I was originally disappointed when I received my copy of ‘The Grub Street Journal’. I was expecting a collection of eighteenth century magazines written by members of the much maligned assortment of hack writers located in and around Grub Street. Instead I received a book about a magazine, which had written as if by hack writers in and around Grub Street, but actually written, partly at the instigation of Alexander Pope as a continuation of The Dunciad.

James Hillhouse explains that he was originally intending to publish the Journal itself, but seven years of popular and consistent publication, there is too much to publish. His second thought was edited highlights of the Journal but this highlighted a problem that would have also affected a full collection. The business of the Grub Street Journal, was to pick entertaining squabbles with other newspapers and get squabbling away. For this reason, it’s hard to simply publish it, as it is principally understood in its relation with other publications of the time. This is what this book’s about, and as such, it is very entertaining.
The first chapter is the driest, but essential to understand the rest. It details how the Journal was developed to pick literary fights on behalf of Pope and other Scribelarians and how it grew it’s own legs under it’s editor ‘Bavius’, a mask worn by a few people but most often a sharp-witted, non-juring vicar called, Richard Russell. It then provided popular entertainment, by picking fights, some literary, others medical and some religious.
The book then takes us through different categories of argument and dispute the journal involved itself in and gives examples of each. The disputes take rather similar forms, even the most abstract arguments descend into ad-hominem attacks and the Journal often finds itself using parody and fake letters from the other side, making it look stupid. They have a particular fondness of attacking other papers, I like the constant refrain of rival paper, The Register as, ‘an obscure little paper’, it seems such a modern way of niggling other publications.

Another running joke I enjoyed were the constant digs at Colley Cibber. I have a real fondness for Mr Cibber (last mentioned in my review of ‘Midnight Mirage’, but also got a mention in ‘Joseph Andrews’). The actor-manager, so popular in comic roles, unexpectedly made poet laureate to be ridiculed at least twice a year when publishing his New Year and Royal odes. The Journal had followed the contest throughout, ridiculing the possible candidates but mostly ignoring Cibber, he being such an outside possibility. When he got the role, they were ready with an epigram or two. For example;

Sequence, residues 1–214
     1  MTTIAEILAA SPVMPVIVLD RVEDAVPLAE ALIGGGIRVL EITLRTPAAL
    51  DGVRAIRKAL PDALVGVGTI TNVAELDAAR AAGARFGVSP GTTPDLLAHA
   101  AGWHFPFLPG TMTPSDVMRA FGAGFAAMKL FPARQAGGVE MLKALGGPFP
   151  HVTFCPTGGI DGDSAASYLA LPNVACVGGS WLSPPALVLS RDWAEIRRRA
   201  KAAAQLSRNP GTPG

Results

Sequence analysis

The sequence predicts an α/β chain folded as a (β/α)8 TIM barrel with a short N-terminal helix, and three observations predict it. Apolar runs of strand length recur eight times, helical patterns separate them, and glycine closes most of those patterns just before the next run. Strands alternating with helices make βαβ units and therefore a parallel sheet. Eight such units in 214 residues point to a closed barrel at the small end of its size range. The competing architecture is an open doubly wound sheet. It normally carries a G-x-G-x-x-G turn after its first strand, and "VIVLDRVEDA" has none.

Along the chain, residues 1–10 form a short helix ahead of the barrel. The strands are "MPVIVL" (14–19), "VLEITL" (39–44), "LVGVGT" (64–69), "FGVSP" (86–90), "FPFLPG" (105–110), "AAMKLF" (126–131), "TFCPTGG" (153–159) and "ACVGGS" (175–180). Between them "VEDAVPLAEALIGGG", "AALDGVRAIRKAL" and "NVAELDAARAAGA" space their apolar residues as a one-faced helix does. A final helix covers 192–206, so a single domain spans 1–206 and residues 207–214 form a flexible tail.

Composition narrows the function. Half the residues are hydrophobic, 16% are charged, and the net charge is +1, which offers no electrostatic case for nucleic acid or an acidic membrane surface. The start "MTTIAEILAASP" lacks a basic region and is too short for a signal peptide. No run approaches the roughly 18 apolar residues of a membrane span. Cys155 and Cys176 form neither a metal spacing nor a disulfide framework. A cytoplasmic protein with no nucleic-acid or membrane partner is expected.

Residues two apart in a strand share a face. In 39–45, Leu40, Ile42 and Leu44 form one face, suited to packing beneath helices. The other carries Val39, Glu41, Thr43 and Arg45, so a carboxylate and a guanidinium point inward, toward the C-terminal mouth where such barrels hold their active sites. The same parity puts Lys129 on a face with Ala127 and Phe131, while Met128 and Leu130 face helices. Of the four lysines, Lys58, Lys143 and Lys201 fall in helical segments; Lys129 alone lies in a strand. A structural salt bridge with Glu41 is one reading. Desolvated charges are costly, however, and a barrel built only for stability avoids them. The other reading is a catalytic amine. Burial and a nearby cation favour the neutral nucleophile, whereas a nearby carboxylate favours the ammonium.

But guessing who would have the luck
To be the birthday fibber
I thought of Dennis, Theobold, Duck
But never dreamt of Cibber
(Incidentally, during the contest, Bavius banned waterfoul puns for Mr Duck as they were being inundated with them).
Or this comment;
Court fools and poets once illustrious lived:
With different titles graced distinct they shone:
But both are now so scarce; ‘tis well contrived
To join a poet and a fool in one.
Every time one of his execrable odes was released, the Journal would look at it in it’s most mock-serious manner and tear it apart. There were frequent niggles at his plays as at his poetry. 

Colley also seems to have provided the age with a phrase used in lots of contexts, much as we would use a famous quote from a film... such as, when chopping too much veg for a curry and putting it in a pan, I remarked that we ‘needed a bigger boat’). The phrase, which I have now incorporated into my own idiolect is something Colley was reported to have said to an actress who had particularly slayed an audience one night that she had, ‘outdone your usual outdoings’. In works throughout the ‘30s, people were described as ‘outdoing their outdoings’ for many different spheres of activity. Of course, Cibber himself often outdid his outdoings as a poet.

Another regular feature was the news roundup. This was more than a mere digest of news, but also a comment on the poor newsgathering techniques of the other papers. It took conflicting reports of the same event, compared them and often a comment by Bavius/Russell. These comments are often of an acid and sardonic nature that pushes (and occasionally crosses into) cruel. Occasionally the reports were written in a rhyme form, something that seems shockingly flippant and rather amusing, for example the fairly famous;
“Yesterday, a poor woman, who I suppose got up to ride,
Fell out of a dust-cart, and immediately died.”

There are many arguments, but the one that most gripped me was the tale of their longest running feud with the quack, Joshua Ward. Ward peddled some pills and drops, supposed to be a panacea for all ills and ended up killing many people, especially the weak. The Journal opened up its pages to anyone wishing to report deaths and crippling from the pills. The pills were based on genuine 18th century medical practice of purging the body of sickness, but they worked too well, purging the body for days and days until the victim purged themselves to death. The campaign was pretty successful, and Ward had to tour the North and keep out of London. 
In all, I enjoyed this book and I feel I know, or have access to knowledge about every aspect of The Grub Street Journal that I could ever want. And that’s something to be pleased about.